2. Load lines are theoretical class B load including winding resistance calculated for each of the 6 x 6550 used on

each side of PP circuit in 300W amp. See below about interpretation.

3. Quiescent or idle Ea = +480Vdc, Iadc = 40mA.

4. Idle Eg2 = +364Vdc, Ig2 = 4.0mAdc.

5. I found the Eg1 = -42Vdc for the idle Ea and Ia.

6. The Eg2 B+ supply is fixed Vdc.

7. 20% of primary windings are devoted to local cathode feedback.

8. The Ra curve for what is "the diode line" for Eg1 = 0V has lower knee than for pure beam tetrode, UL,

or triode operation with same Ea and Eg2. The Ra curve is about the same for where Eg2 = +350V with Ea at idle

between +400V and +500V, and pure beam tetrode operation.

9. The operation of ONE 6550 is in graph, and load lines have 6 times the ohm value for what is used when 6 x 6550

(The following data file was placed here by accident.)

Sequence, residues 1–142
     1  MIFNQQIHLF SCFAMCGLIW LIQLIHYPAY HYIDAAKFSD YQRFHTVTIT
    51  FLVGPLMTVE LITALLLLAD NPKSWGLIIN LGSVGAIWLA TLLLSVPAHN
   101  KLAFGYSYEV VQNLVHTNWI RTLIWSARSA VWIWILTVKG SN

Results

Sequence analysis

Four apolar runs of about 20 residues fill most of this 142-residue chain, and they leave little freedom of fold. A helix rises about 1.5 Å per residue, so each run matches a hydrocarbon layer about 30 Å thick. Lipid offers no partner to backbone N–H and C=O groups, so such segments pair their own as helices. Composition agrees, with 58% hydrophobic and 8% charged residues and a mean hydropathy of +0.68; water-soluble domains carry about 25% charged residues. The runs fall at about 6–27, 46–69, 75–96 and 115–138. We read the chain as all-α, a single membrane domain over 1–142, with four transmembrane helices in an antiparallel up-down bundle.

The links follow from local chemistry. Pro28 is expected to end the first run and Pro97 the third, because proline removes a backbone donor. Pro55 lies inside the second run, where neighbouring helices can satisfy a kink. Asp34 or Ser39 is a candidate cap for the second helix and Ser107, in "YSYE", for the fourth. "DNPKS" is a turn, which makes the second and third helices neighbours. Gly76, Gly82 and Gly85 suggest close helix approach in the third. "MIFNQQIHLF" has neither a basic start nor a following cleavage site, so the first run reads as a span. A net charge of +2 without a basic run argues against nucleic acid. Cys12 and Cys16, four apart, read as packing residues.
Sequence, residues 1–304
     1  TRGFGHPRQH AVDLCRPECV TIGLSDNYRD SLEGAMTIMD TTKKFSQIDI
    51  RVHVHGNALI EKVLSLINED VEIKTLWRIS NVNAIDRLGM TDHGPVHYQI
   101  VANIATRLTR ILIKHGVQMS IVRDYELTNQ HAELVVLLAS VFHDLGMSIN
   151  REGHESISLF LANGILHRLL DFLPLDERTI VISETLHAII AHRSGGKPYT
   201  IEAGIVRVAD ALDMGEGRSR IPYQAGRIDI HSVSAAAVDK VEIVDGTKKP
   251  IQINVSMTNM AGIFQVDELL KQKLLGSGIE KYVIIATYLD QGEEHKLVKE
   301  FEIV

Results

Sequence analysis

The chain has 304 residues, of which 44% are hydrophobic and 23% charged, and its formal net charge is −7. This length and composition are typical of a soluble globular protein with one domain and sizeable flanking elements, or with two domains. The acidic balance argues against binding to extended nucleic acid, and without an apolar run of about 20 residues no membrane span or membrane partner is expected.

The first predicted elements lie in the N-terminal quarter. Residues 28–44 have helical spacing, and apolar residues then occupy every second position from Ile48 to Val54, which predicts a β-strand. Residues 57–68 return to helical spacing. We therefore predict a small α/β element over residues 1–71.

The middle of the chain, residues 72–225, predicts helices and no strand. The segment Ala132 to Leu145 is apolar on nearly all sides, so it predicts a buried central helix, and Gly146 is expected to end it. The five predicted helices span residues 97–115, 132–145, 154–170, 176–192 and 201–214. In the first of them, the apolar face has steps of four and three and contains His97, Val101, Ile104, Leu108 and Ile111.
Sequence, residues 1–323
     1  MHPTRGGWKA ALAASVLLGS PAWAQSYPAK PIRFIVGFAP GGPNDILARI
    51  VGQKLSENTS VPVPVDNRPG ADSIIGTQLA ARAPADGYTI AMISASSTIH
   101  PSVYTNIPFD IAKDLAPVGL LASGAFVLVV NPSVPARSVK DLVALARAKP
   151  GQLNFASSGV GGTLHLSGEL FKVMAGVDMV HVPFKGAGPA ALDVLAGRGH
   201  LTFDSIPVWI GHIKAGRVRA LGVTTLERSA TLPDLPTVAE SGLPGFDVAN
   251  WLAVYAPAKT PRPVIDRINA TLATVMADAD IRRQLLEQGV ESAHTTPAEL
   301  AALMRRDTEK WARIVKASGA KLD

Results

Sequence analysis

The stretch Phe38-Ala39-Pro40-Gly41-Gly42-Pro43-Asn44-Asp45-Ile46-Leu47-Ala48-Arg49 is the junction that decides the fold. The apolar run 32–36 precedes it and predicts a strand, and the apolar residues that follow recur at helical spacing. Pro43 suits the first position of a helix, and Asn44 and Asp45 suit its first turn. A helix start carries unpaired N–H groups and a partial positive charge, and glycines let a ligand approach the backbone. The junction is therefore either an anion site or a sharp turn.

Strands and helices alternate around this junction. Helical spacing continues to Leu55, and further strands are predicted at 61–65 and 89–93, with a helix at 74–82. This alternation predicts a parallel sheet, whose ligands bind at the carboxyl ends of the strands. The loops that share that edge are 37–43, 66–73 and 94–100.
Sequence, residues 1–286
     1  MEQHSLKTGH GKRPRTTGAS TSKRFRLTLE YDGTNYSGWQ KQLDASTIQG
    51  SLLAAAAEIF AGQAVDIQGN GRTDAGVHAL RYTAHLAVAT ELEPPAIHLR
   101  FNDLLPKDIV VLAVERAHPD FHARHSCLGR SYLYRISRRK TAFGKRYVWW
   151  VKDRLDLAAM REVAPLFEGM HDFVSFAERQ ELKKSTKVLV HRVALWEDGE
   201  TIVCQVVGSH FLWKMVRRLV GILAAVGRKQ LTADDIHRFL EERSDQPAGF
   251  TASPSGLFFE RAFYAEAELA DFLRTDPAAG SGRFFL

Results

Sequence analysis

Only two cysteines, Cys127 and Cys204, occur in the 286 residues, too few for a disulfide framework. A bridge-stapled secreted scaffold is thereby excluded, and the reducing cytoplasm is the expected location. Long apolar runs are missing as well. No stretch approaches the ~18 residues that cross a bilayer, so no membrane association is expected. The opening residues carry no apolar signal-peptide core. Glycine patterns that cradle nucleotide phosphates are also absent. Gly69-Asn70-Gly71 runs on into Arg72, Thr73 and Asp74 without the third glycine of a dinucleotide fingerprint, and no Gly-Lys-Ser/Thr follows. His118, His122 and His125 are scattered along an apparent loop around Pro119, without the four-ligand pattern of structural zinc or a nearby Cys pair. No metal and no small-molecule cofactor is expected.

are in parallel on each side of PP circuit.

10. The anode and screen B+ supplies remain regulated during class AB operation.

11. The test signals are single frequency sine waves of 400Hz to 1kHz.

12. Calculated RLa loads are labeled "2,033r - 6r0" because you need to know what each of many B RLa lines tell

you without being confused.

The 300W amp was tested with a continuous 500Hz sine wave to verify the predicted outcomes in Graph 1&2.

For loads below 6r0, clipping power with a continuous sine wave causes B+ anode voltage supply to sag.

With RL 3r0, anode B+ current increase from 0.5Adc to 1.2Adc and B+ Vdc to sag from +512Vdc to +480Vdc,

giving Ea change from+489V to +456Vdc.

Eg2 will also drop and Eg1 will slightly increase.

The PSU output resistance is approximately 50 ohms, being the sum of PT Rw, choke Rw, series R with diodes